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English, Pidgin-Holed

Forster was able to detect a trend that has, 50 years later, become an undeniable fact. We speak it increasingly badly.

English, Pidgin-Holed
English, Pidgin-Holed
outlookindia.com
-0001-11-30T00:00:00+0553
E.M. Forster: A Tribute
By Edited By introduced By K. Natwar Singh
Rupa Pages: 169; Rs 150
This book was first published 38 years ago. Its first Indian edition appeared 23 years ago. So it has had plenty of reviews and no doubt very complimentary ones. But few of them could have predicted how apposite the eclectic selection of Forster’s writings, which form the second half of this tribute, would seem today.

Writing in 1946 about the way we speak English, Forster was able to detect a trend that has, 50 years later, become an undeniable fact. We speak it increasingly badly. "English," he writes, "though more widely spoken than on my last visit, is worse spoken, more mistakes are made in it, and the pronunciation has deteriorated.... The explanation, I think, is that Indians at the schools and universities are now learning their English from other Indians, instead of from English teachers as in the past.... So it’s not surprising that their English is poor. They learn it from Indians and practice it on Indians."

Forster’s perspicacity is equally striking when he comments on the way we write. "Indians have a marked capacity for worship or denunciation," he comments, "but not much critical sense, as criticism is understood in the West." For those of you who habitually read book reviews, this should come as no surprise!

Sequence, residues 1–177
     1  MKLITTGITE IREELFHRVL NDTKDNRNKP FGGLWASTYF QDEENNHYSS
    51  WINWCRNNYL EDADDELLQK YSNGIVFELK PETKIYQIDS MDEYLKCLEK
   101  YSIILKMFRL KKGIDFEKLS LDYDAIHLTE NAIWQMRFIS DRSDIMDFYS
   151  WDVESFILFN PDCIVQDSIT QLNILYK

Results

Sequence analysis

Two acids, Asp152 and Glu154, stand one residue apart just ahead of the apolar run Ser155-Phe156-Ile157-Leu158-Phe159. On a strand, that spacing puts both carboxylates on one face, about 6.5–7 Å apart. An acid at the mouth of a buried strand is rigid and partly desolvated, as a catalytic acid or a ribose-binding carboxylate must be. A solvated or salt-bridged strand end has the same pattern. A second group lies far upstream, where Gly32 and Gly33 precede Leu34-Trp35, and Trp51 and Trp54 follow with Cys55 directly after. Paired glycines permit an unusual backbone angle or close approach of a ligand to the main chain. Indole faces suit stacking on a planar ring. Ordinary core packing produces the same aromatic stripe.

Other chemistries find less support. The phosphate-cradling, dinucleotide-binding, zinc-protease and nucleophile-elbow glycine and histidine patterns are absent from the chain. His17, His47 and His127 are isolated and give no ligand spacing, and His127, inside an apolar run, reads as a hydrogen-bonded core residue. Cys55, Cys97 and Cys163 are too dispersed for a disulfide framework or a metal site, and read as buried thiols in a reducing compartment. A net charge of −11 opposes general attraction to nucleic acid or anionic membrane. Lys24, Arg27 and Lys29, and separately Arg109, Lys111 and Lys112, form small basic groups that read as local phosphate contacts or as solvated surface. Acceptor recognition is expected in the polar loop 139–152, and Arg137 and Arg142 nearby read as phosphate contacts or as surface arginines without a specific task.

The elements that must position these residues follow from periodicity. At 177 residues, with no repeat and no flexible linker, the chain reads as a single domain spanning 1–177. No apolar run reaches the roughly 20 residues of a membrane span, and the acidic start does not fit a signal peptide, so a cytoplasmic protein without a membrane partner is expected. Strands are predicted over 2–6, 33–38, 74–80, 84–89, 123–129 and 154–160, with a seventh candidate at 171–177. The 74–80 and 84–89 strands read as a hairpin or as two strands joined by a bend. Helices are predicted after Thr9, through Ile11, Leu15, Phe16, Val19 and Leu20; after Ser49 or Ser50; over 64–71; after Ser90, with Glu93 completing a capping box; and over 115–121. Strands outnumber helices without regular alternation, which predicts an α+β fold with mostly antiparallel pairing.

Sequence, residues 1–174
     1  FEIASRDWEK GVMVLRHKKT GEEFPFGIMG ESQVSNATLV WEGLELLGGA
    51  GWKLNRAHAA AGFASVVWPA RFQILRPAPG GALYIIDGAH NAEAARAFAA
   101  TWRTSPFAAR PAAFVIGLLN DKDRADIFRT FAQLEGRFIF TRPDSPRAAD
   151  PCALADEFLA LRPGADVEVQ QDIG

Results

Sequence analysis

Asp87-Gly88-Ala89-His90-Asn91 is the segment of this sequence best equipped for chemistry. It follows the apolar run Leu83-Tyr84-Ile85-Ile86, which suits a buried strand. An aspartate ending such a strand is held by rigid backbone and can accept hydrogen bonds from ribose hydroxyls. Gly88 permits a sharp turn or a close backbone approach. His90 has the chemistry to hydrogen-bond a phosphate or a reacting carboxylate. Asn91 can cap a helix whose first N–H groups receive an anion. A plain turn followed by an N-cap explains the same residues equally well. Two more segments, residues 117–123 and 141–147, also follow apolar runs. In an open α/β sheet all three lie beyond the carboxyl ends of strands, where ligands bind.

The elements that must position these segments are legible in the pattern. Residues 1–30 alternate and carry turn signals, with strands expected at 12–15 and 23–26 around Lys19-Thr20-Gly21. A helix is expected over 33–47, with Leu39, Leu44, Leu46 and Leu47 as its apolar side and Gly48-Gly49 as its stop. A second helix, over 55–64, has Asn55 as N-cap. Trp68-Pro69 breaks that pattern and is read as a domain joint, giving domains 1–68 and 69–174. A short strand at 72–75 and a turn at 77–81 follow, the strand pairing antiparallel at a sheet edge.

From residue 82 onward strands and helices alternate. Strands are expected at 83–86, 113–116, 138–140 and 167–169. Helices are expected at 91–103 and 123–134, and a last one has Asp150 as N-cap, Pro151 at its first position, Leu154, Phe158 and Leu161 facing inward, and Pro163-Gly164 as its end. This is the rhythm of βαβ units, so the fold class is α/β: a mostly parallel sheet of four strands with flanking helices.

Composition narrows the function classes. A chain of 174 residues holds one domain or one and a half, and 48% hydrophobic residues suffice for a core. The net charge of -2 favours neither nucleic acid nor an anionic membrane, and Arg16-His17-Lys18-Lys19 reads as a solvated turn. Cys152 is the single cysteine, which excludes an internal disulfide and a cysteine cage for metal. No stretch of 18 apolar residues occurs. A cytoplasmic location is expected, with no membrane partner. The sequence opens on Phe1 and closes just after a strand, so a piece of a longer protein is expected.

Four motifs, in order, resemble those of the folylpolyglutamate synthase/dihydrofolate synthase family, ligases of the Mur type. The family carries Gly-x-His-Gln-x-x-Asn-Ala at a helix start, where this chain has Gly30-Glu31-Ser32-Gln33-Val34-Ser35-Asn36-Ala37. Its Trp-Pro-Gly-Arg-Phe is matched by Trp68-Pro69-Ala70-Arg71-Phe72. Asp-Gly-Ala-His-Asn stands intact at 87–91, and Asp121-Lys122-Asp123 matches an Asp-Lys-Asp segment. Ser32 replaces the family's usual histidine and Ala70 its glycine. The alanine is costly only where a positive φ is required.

But of all the passages in the book, there is none that captures Forster’s quintessential, gentle, unstressed wit better than his description of a journey by train. It comes from his book, Two Cheers for Democracy. Travelling to Baroda in a second-class carriage, he was able to join in the general confusion and yet sufficiently detach himself to comment on it with humour and equanimity.

"I was travelling one day to Baroda in a crowded second-class carriage. Indians, my luggage, their luggage, myself and a number of loose oranges were piled up together in confusion, and the Indians were arguing. Their language was Gujarati, but they used so many English words that I followed what they were saying. They were arguing about religion and free thought. I intervened and was welcomed into the conversation, which was now carried on entirely in English out of courtesy to me. I did not follow it better for that, but they peeled me an orange and we parted friends."

It’s for the joy of reading such stuff that I recommend this book. At Rs 150, it’s also a steal.

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